An extract from the book A Moment Worth Waiting for by Kevin Pearce, whose previous work includes the acclaimed book Something Beginning With O and film scripts for Paul Kelly/Saint Etienne.
At the start of 1982 there had been a new single, ‘Stamp Of A Vamp’, sung by Vic Godard and performed by the Subway Sect, out on another Bernard Rhodes imprint, Club Left (through Island). It was a charming, jazzy, finger-clicking affair, with muted trumpet, a little like one of the Chinn/Chapman-penned hits Racey had, deceptively simple but with some smart lyrics: “She’s got an Honours Degree in the art of sinning”.
To coincide with the single, Paul Morley put together an NME front cover feature to begin the new year, writing about Vic the vague, whom he found an exasperating interviewee: “Vic Godard is not the most obviously dazzling company: he is amusing, instructive, confounding in an absent, wandering way. He’s trapped like a Buster Keaton. A master of small movements.” Morley argued: “Godard’s songs make up with startling articulacy for the reluctance and idleness of his everyday talk and achieve a fruitful accessibility. The songs dance their way undisturbed, a testament to Godard’s mysterious commitment to his medium. If most rock songs are screams, scratches, splashes, scuffles, Vic Godard’s are clear, unpolluted streams. No context can be their master: context can only rub away their impact, impair our view, fuss and fiddle and restrain.”
There were references in the Morley feature to Paul Valery and Nabokov, Chas & Dave and Ray Davies, John Sebastian and Randy Newman. There was also a mention of Mike Westbrook which would ring a bell when opportunities came later to explore and consider the peculiarly fertile period of British jazz from when the ’60s became the ’70s, which probably was not what Morley meant. Mike Westbrook’s early works (including the magnificent Love Songs LP from 1970) came out on the Deram label, Decca’s ‘progressive’ offshoot which also released several other titles of forward-looking and very vital British jazz LPs from the likes of John Surman, Michael Gibbs, John Cameron, Alan Skidmore and Henry Lowther alongside Moody Blues, Honeybus, David Bowie, Cat Stevens and the fantastic Flirtations whose ‘Nothing But A Heartache’ was the most perfect slice of British produced dramatic soul music ever.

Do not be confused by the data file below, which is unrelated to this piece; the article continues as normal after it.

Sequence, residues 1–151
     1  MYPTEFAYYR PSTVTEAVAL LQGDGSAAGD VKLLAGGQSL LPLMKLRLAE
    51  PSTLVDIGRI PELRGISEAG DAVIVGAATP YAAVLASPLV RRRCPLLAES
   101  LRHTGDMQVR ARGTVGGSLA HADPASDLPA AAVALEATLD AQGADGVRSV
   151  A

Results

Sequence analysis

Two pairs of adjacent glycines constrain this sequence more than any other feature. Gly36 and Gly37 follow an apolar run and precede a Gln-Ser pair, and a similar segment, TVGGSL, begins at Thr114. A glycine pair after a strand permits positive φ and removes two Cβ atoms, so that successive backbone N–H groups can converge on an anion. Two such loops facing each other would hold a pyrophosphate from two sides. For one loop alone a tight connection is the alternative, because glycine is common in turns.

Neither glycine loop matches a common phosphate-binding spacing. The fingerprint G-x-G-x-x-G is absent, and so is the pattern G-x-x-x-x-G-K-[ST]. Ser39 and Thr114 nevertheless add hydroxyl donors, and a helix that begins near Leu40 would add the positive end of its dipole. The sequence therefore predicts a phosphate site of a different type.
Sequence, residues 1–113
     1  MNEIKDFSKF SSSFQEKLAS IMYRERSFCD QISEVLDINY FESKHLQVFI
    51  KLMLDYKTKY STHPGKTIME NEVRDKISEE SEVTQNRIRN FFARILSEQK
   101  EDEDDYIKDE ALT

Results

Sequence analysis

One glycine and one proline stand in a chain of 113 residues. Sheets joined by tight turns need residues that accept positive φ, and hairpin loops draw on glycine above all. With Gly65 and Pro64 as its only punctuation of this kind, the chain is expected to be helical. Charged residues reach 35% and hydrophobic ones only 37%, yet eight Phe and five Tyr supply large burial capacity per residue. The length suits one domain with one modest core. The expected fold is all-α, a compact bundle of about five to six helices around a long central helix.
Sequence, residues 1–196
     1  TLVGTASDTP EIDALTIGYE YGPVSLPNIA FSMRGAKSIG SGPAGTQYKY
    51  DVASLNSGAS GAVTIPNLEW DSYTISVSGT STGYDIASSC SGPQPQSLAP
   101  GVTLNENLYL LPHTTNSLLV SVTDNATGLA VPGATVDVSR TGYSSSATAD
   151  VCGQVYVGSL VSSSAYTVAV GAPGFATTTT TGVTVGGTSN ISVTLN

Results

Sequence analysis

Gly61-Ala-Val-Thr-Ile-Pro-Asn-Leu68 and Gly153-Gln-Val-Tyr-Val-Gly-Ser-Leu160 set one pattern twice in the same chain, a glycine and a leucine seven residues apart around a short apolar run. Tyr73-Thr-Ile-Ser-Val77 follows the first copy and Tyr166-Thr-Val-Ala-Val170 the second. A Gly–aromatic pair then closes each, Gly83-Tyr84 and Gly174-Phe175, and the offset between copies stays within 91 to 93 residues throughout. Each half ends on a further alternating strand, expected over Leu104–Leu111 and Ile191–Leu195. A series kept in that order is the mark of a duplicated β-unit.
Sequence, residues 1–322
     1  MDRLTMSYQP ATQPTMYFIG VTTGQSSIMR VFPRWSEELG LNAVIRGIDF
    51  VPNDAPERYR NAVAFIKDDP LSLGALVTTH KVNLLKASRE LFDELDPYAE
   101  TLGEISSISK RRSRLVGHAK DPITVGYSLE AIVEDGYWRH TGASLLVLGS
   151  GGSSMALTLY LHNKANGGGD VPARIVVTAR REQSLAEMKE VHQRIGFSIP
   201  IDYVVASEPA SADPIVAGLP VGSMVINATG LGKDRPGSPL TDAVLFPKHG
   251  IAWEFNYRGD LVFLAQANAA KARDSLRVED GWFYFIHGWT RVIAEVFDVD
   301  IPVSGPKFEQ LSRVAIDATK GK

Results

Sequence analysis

Deram also in 1968 released Lionel Bart’s fantastic folly, the conceptual psychedelic music hall extravaganza, … Isn’t This Where We Came In?: “a reflection of experience in songs and sounds”, or Lionel commenting on watching the film of his life, which was put together and released just as the Carol Reed adaptation of Oliver! hit the big screen, ironically at a time when creatively Lionel was supposedly on his uppers. John Cameron was the musical director on the LP, fresh from his success with Donovan. The Mike Sammes Singers were on there, with Madeline Bell, Rosetta Hightower and Lesley Duncan. Celebrity squares Kenny Lynch and Willie Rushton had cameos, and Vicki Wickham co-ordinated the casting. And some of the top British jazz performers of the day were on Lionel’s LP, like Kenny Wheeler, Harold McNair, Tony Carr, Alan Branscombe, and Ronnie Ross. It was a glorious, madly ambitious affair, and incredibly moving in its own unique way. The arrangements were ostentatious and Lionel had his own peculiar way of singing, which in his own words was “a cross between Bud Flanagan and Donovan”. At times on this incredible record, particularly on ‘The Finder’, the closing part of the song cycle, a bit of a knees-up to round things off, Lionel sounds wonderfully like Vic Godard.
Vic was also prominently featured in the January 1982 issue of The Face in a piece, headed ‘The Artist as Hamburger Chef’, by Chris Salewicz who in an October 1977 Subway Sect review for the NME wrote: “Also to be noted is that two people sat on a couch reading newspapers onstage throughout the Sect set.” In The Face feature Chris revealed that Vic worked at MacArthurs’ American-themed hamburger joint in East Sheen, washing up and making burgers, and that he was going out with the manageress Georgina (who had already stolen the show in the Paul Morley feature): “It is probably the only hamburger joint in the country to feature as background music Ella Fitzgerald, Frank Sinatra and Vic Damone: ‘The housewives seem to be attracted by it at lunchtime. When I first started, I used to play dub reggae, but it drove all the customers away’.”
In a memorable exchange Chris stated: “Your career seems to have a lot of momentum behind it right now.” Vic countered: “That’s not my fault.” Referring to a recent Peter Skellern concert he and Georgina had been to, Vic claimed he would “much prefer to play to older people”.
A Moment Worth Waiting For is out now and available worldwide via Amazon.
More information on this fantastic book can be found on the Your Heart Out blog.